As I said, they seemed to go to the same place.

    Now you say they also only have one website.

    I think maybe the difference is that if we use your link, the URL ends in /invite/2a5dbee1.lnx and that’s when we get the bonuses.

    Look at the videos in the help section.

    What videos? What help section?

    All I see is some testimonials in the form of comment box.

    Do you mean where it says:

    This plug in is vulnerable, and should be updated.
    Activate Adobe Flash.
    Check for updates

    I think I may need to use a different computer.

    Maybe the ex-Virgin Atlantic Sprint smartphone that can access free Wi-fi, and runs Android 2/1 that I bought for $2 on Tuesday from another member of the computer club that meanwhile, untl I figure out how to change the wi-Fi settings can only be used as a highly accurate digital watch??

    The sound quality is pretty good when I plug in a headphone.

    It asks you for your email, and to confirm your email, which is standard practice for new Internet signups, and then asks you for a new password. If you never used it before, then no, you don’t have an old one. Are you serious with these questions?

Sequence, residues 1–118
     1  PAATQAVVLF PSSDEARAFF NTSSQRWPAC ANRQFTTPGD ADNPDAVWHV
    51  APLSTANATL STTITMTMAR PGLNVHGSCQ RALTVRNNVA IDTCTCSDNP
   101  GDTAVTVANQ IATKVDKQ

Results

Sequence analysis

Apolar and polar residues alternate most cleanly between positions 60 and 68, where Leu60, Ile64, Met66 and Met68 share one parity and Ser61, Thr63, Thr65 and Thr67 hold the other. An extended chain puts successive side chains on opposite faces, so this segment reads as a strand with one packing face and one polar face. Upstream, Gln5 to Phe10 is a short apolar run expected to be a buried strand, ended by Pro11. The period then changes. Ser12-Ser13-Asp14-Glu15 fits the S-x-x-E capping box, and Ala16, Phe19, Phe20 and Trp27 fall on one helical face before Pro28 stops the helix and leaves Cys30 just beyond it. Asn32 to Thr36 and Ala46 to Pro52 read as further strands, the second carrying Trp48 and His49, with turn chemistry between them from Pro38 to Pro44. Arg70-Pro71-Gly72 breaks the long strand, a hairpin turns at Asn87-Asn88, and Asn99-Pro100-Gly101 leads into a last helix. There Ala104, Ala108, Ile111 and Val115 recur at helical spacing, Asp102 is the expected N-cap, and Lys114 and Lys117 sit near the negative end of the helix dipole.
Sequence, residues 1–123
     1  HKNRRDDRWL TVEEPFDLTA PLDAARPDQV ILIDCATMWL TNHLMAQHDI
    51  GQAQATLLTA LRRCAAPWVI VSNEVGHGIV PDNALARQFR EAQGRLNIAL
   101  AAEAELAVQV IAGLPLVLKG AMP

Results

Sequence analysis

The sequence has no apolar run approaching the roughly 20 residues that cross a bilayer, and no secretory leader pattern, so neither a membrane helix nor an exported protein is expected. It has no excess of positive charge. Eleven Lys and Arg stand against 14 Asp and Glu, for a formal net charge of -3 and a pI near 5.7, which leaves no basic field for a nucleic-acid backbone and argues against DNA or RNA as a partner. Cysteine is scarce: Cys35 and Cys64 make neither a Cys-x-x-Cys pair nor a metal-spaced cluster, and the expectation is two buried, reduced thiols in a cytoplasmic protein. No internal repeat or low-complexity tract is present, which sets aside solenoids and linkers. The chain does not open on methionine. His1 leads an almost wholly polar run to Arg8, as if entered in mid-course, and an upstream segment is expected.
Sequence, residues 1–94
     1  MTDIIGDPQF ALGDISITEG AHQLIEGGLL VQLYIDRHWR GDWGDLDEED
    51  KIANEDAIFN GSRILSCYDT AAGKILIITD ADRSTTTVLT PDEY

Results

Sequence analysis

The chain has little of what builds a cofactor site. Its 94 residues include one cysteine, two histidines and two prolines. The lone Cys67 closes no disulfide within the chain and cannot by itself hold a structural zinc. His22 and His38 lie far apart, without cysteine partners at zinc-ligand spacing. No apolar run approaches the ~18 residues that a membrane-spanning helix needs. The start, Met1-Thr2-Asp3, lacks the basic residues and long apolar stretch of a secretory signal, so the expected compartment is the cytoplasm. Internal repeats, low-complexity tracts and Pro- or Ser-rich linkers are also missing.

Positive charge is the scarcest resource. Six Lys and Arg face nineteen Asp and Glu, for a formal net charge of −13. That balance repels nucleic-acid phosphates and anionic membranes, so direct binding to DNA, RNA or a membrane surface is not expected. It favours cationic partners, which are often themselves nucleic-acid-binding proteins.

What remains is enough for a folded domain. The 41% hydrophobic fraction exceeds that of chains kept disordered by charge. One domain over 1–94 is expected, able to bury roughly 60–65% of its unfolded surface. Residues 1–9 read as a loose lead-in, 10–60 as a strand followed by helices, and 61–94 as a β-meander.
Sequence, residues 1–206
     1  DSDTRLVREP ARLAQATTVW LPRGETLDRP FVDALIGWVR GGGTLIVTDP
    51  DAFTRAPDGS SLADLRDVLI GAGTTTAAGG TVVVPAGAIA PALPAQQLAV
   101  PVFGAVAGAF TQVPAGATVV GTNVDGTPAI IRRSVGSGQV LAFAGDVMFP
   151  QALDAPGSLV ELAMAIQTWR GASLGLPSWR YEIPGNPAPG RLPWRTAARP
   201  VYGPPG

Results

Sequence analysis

Well I’ve never been to a website before that asks new users for their “new” password, as if they had an old one. I mean if somene is really new, they wouldn’t have an old password. That sounds like I’m missing something.

    It either means this is really intended for people who had previously used it, but they changed the software, and everyone had to re-register, which is turn makes me think that maybe they would think anyone using that was really you…

    Or it means that they weren’t so careful in designing the website and I wonder then, in that case, what else they got wrong.

    And also if it is:

    “always available on your computer or smartphone, updated in real time between them.

    why are they giving you an opportunity to give them only one e-mail address. Shouldn’t they allow 7 or 12? Or at least 4?

    Does that happen later on in the registration process?